We are vendors who have paid to have a booth a local trade show in Dallas. Trade show attendees register using contact info (Name, Phone, Email, etc). The registration info is used to generate a leads lists that will be distributed 3-days later to the vendors by the show producer via email. Upon registration, attendees are informed that they will be contacted by vendors using the contact info they provided. The attendees are also given the options to opt out if do not want to be contacted.

Upon distributing the leads list, the show producer states "the email list is copyrighted and can not be shared."

Question: Can the show producer copyright an email list if they don't own nor created the email addresses? The email addresses were created and provided freely by the show attendees. Or what if I sell my business and I decide to sell the leads lists? Would there be a problem?

While I don't wish to share the list directly. When I do send out email blasts to the show attendees, I do plan to promote other vendors inside the contents of the email. I know that will not be a problem as I am not directly sharing the list with any other individual or business.

Thanks in advance!

  • Initially I was under the impression a leads list created in this fashion was protected by Copyright Law as "Compilation." However, I firmly believe that is not true. Copyright in compilation is a facet of copyright law that may provide copyright protection to a compilation (or collection) of material, irrespective of copyright in the underlying material. ... Copyright does not exist when content is compiled without creativity, such as in the production of a telephone directory. Attendees submitting contact info into a database which in turn outputs data as Excel/CSV format is not creativity.
    – Mr Riddler
    Jan 30 '17 at 17:17
  • The relevant body of law for this kind of issue is trade secret law, not copyright.
    – ohwilleke
    Jan 30 '17 at 21:28

This falls within the penumbra of Feist v. Rural Telephone. The principle articulated there is that facts are not subject to copyright protection, but the expression of facts can be. Quoting from the ruling, "no author may copyright his ideas or the facts he narrates...however, it is beyond dispute that compilations of facts are within the subject matter of copyright". The distinction between protected vs. not protected hinges on originality: "The sine qua non of copyright is originality. To qualify for copyright protection, a work must be original to the author". But it is not sufficient that the work is created by the "sweat of the brow" of an author: it must possess at least some minimal degree of creativity. Thus "[t]he writings which are to be protected are the fruits of intellectual labor, embodied in the form of books, prints, engravings, and the like".

As a concrete example, the ruling states "Census-takers, for example, do not 'create' the population figures that emerge from their efforts; in a sense, they copy these figures from the world around them...Census data therefore do not trigger copyright because these data are not 'original' in the constitutional sense." But, compilations of facts can be protected:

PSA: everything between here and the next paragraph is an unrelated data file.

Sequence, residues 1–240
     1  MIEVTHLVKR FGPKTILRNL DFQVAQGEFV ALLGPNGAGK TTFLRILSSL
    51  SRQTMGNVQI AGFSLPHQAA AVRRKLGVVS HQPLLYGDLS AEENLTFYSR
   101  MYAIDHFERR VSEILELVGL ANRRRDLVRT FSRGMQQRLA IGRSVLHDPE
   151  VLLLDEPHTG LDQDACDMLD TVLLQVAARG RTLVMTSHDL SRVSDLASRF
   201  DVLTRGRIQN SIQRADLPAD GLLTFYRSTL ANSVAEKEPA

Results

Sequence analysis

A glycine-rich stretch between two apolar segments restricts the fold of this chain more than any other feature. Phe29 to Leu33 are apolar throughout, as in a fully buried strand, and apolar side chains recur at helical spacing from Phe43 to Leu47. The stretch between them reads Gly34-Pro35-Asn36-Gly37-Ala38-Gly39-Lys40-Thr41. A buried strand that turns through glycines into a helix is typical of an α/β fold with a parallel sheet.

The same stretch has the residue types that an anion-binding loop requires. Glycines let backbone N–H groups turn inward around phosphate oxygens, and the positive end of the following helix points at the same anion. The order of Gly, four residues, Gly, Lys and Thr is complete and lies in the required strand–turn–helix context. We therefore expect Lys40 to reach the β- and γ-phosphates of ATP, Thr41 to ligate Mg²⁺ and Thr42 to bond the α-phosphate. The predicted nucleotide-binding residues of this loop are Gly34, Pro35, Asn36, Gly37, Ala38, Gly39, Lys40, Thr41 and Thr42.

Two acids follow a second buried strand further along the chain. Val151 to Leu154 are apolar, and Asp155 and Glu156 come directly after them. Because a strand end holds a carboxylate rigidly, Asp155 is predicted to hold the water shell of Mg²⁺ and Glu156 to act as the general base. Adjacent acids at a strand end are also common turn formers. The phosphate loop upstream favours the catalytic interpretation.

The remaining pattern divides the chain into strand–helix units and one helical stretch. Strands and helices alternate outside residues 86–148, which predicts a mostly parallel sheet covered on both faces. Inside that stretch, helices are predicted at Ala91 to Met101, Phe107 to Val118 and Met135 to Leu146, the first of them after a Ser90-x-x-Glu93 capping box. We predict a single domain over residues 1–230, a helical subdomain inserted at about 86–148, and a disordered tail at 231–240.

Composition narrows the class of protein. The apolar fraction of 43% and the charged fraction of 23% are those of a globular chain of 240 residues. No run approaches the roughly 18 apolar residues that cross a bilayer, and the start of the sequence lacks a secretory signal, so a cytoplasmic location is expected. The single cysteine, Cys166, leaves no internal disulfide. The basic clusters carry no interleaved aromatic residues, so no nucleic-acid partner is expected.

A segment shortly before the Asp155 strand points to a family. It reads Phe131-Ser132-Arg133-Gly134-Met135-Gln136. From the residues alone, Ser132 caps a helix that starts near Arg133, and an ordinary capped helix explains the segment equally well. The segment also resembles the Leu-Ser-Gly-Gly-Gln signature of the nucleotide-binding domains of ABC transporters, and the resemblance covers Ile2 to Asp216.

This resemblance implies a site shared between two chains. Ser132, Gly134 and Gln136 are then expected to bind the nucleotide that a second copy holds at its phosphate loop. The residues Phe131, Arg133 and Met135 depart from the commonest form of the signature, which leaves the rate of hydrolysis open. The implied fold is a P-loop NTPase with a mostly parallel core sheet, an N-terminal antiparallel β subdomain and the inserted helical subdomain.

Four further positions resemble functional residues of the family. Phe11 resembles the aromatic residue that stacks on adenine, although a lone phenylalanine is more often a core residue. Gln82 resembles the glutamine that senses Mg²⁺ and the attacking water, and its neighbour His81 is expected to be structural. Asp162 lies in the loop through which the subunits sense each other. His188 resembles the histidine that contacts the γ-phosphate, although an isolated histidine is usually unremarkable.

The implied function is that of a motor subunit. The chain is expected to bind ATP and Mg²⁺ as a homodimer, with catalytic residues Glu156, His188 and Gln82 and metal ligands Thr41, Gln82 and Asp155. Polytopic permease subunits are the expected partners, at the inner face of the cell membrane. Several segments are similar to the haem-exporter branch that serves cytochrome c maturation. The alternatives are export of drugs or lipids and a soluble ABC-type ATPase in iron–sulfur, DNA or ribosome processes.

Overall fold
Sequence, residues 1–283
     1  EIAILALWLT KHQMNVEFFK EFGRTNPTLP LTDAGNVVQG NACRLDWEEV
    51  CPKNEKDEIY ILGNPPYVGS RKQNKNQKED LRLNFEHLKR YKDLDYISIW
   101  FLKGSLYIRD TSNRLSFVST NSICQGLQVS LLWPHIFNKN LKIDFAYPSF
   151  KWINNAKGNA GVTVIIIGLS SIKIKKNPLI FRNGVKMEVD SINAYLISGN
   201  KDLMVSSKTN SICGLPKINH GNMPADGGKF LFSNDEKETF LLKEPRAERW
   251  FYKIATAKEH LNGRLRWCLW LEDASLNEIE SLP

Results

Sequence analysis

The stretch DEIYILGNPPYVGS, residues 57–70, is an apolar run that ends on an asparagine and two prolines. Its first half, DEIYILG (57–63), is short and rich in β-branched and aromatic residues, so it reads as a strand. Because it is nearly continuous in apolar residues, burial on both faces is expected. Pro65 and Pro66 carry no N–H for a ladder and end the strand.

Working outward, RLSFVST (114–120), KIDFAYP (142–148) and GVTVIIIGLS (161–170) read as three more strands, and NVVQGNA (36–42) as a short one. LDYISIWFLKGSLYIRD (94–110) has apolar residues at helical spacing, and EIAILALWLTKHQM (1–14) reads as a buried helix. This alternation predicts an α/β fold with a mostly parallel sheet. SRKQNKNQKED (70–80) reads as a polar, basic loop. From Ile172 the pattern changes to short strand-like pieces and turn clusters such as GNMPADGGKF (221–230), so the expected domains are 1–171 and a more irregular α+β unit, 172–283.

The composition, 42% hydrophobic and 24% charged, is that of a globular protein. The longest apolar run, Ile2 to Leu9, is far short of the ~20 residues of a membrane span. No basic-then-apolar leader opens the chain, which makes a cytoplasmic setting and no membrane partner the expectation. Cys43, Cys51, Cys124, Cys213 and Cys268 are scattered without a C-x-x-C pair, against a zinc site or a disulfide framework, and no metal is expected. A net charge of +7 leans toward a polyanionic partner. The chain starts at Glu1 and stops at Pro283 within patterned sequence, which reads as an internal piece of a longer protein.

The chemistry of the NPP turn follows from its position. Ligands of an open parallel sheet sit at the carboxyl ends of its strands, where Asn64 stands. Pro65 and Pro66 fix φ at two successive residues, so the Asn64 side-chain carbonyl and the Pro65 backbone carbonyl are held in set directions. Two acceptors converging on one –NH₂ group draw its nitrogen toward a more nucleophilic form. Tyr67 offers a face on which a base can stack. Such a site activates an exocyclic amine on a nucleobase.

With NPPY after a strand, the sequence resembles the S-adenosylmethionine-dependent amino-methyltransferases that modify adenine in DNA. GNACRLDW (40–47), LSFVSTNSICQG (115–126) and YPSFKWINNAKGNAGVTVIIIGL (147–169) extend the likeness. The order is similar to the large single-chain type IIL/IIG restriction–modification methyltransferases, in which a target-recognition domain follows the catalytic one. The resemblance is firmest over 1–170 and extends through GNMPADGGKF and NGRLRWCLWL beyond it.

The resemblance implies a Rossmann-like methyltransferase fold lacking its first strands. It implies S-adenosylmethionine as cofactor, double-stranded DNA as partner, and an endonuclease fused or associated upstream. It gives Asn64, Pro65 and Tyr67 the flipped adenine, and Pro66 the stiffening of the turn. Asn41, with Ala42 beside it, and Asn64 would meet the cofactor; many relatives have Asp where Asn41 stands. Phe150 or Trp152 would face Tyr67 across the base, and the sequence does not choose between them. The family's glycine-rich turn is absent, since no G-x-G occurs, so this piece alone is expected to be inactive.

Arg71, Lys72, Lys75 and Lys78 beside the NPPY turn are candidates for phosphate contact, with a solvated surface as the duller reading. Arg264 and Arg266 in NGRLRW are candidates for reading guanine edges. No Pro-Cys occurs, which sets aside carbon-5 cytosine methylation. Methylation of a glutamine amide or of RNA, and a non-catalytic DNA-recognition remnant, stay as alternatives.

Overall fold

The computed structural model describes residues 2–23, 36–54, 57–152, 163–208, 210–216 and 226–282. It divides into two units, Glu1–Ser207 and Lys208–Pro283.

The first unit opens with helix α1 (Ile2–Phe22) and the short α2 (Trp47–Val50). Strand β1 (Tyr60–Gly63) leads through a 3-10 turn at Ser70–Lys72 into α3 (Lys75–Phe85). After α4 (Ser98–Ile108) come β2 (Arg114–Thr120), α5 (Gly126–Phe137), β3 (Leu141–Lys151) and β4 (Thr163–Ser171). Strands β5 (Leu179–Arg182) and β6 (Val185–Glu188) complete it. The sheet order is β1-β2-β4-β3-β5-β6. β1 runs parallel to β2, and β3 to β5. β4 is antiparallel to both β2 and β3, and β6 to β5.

Factual compilations, on the other hand, may possess the requisite originality. The compilation author typically chooses which facts to include, in what order to place them, and how to arrange the collected data so that they may be used effectively by readers. These choices as to selection and arrangement, so long as they are made independently by the compiler and entail a minimal degree of creativity, are sufficiently original that Congress may protect such compilations through the copyright laws

An email list requires nothing more than brow-sweat, and even then, not much. A cleverly annotated and arranged email list would involve substantial creativity and would be subject to protection.

That does not mean that you didn't sign some agreement that prohibits you from copying or using the list, but it isn't a matter of copyright.

  • You get into the finer points of the law when that agreement to forbid copying is based on the (incorrect) statement that "the email list is copyrighted and can not be shared.". If this assumption is a honest mistake by both parties, does it form a contract?
    – MSalters
    Jan 31 '17 at 16:23
  • That's actually a really great question. It would seem that it doesn't form a contract. My research shows me, in a situation like your question, the contract, at least the part pertaining to the incorrect statement, would be null because it's based on an incorrect statement.
    – Mr Riddler
    Feb 1 '17 at 12:17

It is highly unlikely that the data in the list is subject to any form of copyright - facts are not subject to copyright and a list of names and addresses is strictly factual. The particular compilation (layout, font choice, colour etc.) is subject to copyright so distributing a photocopy may be problematic.

Notwithstanding, the list may be subject to a confidentiality clause in your contract with the organiser but this is different from copyright protection.

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